5 WHY AN INCREASE IN USE?
76. In previous chapters we observed a notable increase
in the number of people using cocaine powder, a diversification
of users, and the emergence of cheaper, more adulterated cocaine
powder, its use often combined with other drugs, alcohol in particular.
What has contributed to these changes?
Relative popularity of other
DECREASE IN AMPHETAMINE USE
77. It is important to consider trends in cocaine
use in the context of trends in use of other drugs. The UK Drug
Policy Commission told us that "overall stimulant use has
remained largely stable, with a corresponding drop in the use
of amphetamines and, to a lesser extent, ecstasy that suggests
a move from these drugs to cocaine".
Matthew Atha of the Independent Drug Monitoring Unit agreed:
you need to look at [cocaine use] within a pattern
of overall stimulant use. The majority of people who use cocaine
have also used amphetamine, for instance, and you tend to find
that if they are a stimulant user they will use whichever stimulants
happen to be available at the time.
78. He noted that the effect of disruption of the
amphetamine market in the 1990s, in which the average purity of
amphetamine dropped from about 16% to 4% or 5%, had been that
"regular use of amphetamine halved but regular use of cocaine
doubled", and suggested that "if the purity of cocaine
becomes too poor for the users they will turn to something else,
and we have of course meth amphetamine or crystal meths waiting
in the wings".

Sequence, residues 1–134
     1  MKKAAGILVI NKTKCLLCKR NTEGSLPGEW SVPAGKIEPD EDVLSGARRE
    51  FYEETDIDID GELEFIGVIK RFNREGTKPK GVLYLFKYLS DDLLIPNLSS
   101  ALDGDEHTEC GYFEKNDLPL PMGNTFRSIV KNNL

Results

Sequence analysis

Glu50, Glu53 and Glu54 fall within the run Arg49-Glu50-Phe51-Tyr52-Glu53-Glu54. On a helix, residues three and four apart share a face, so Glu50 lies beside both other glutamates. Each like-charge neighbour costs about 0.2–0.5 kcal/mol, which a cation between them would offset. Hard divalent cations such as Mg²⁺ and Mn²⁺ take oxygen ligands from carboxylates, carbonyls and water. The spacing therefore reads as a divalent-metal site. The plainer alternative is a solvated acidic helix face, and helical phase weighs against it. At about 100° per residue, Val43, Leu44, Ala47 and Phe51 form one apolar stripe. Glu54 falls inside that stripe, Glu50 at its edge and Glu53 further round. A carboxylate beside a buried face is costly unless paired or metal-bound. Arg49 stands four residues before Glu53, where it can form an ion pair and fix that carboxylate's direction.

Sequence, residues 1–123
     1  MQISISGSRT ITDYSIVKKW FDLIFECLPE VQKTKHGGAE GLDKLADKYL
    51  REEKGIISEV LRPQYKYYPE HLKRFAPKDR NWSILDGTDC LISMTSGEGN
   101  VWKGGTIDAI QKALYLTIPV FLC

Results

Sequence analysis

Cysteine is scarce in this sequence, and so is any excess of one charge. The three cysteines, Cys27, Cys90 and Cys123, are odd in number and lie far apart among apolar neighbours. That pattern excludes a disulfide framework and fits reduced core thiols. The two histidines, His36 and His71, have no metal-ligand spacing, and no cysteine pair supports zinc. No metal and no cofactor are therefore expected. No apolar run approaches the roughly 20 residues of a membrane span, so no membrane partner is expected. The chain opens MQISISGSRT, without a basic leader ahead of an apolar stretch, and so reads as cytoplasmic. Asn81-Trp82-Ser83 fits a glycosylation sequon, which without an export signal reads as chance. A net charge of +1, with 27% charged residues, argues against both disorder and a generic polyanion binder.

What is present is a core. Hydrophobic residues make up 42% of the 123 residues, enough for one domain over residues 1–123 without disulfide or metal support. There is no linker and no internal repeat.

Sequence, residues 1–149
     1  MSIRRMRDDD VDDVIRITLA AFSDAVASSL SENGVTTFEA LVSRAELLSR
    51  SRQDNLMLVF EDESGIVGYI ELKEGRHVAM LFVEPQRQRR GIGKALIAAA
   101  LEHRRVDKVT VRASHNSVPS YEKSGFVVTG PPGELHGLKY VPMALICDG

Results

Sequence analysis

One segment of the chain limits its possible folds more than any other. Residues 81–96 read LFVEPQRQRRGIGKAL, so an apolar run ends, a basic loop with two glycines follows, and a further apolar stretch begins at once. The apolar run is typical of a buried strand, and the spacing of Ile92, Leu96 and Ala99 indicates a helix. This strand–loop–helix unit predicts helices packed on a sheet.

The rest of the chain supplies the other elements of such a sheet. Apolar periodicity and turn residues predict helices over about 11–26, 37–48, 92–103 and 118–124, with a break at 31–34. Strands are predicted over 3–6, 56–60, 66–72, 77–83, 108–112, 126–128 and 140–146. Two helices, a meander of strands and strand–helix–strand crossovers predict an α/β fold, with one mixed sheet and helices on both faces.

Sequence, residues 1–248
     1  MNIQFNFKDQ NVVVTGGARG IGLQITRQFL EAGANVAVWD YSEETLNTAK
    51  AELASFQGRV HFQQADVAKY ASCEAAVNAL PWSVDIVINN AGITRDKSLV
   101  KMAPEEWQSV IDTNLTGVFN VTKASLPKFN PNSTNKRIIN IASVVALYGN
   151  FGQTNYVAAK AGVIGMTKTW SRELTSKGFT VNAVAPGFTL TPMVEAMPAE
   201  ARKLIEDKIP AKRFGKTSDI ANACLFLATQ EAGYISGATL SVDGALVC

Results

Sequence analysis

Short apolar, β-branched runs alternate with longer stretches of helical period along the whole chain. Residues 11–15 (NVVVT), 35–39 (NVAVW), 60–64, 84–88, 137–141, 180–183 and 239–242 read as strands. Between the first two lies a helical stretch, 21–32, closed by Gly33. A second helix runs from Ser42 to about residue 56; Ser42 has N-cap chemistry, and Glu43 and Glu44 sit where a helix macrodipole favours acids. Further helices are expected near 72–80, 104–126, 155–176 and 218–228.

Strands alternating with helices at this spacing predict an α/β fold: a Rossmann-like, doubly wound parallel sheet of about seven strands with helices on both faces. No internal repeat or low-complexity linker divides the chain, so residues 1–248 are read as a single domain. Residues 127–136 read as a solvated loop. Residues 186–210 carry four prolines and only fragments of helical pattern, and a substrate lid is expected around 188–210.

Sarah Graham, an ex-addict, agreed, saying that "the influences
within popular culture are moving into other substances. I have
recently written an article for Addiction Today talking about
the emerging crystal meth problem which is starting in the gay
FUTURE DISPLACEMENT OF COCAINE USE
TO OTHER DRUGS
79. Dr Fiona Measham, a member of the ACMD and expert
in changing patterns of drug use amongst young people, considered
that crystal meth use was "not rising at a rapid rate",
but pointed to ketamine as the next big trend in drug use: "that
has taken off quite rapidly in terms of popularity".
Ketamine is primarily used as a horse anaesthetic. Professor Nutt
told us that:
We are seeing a very worrying, persistent increase
in use with some very unpleasant consequences, particularly bladder
spasms, bladder pain and we are worried that there may be some
huge problem with long term bladder dysfunction developing in
these young people.
80. Professor Nutt reported that the ACMD was concerned
about two types of emerging drug with increasing popularity: